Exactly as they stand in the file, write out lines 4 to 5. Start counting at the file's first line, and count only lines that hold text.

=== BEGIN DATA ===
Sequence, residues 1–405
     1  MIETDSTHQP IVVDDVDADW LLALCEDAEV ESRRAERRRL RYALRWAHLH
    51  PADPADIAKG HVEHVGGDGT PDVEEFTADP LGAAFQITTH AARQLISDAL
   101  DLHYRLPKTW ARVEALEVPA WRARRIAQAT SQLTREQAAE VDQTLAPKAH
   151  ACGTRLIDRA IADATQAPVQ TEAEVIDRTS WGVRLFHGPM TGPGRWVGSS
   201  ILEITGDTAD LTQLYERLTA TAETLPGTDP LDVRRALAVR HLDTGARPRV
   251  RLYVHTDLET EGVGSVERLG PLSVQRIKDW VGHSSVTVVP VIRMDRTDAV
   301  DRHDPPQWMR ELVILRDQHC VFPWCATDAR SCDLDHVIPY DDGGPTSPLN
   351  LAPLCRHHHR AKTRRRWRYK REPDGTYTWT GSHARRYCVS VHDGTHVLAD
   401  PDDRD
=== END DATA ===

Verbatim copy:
   101  DLHYRLPKTW ARVEALEVPA WRARRIAQAT SQLTREQAAE VDQTLAPKAH
   151  ACGTRLIDRA IADATQAPVQ TEAEVIDRTS WGVRLFHGPM TGPGRWVGSS